Here are my four favorite ways to amp up your home's entryway appeal.
Succulents are the perfect plant for anyone who doesn’t consider themselves to have a green thumb. Succulents require very little to no maintenance, can live in almost any climate, and are quite inexpensive.
One of the most classic ways to add a large amount of foliage to your home is with climbing ivy or roses. Think about planting ivy around the doorway, front windows, your garage, or a gated entrance.
One of the most important elements of your entryway style is the lighting. Outdoor wall lights, hanging lanterns, and path lights are essential to decor and function.
Pavers as a driveway or path can add a great pop of green plus you’re able to lay them in various patterns or configurations such as diamonds, uncut stone, or squares.
Images: Laure Joliet, Molly Frey Design, Beautiful Garden Decor
There are few things in my home I love more than our armchairs. They are “my spot” whenever our family gathers around to play a game or chat. Don’t get me wrong, sofas are comfy and nice, but I like the idea of having a single chair just for me.
Modern armchairs are also nice when you have company because it can be hard to have a conversation when you're sitting right next to the person. It is so much better to sit across from them, don’t you think? And bonus, they're comfortable!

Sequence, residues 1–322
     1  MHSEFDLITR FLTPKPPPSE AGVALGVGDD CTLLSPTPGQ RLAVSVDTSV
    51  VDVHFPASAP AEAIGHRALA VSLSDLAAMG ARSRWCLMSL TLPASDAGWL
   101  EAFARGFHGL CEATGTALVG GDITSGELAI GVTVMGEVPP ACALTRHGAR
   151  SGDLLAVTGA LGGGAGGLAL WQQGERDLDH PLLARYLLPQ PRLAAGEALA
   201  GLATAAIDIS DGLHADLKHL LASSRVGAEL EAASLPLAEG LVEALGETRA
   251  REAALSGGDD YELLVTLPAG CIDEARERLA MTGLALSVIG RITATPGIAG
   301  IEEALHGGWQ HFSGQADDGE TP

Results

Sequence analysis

Not only should an armchair be comfortable, but in my opinion, it should look great too. They should be something that adds to the aesthetic of the room. I love the modern look, so I always have my eye out for a great modern armchair that will look amazing in my home. Isn’t this room kind of dreamy? The armchair looks perfect – and pink! It really adds to the space overall. I love it!
I honestly don’t know which chair of these three I love the most! They all bring something great to the table. The tan modern midcentury armchair one has a great look, doesn’t it? And I am guessing it is pretty comfortable too. I love those legs!
The teal armchair is a little brave for me, but that color is irresistible. It also has a semi-midcentury look to it, which I love. And I love that the back would be higher and more comfortable than a chair with a lower back.
Last but not least, the tufted armchair! It’s classy but modern. The old wingback chairs with tufting on the back are so classic! I love that it has a modern twist so it would fit perfectly into our home.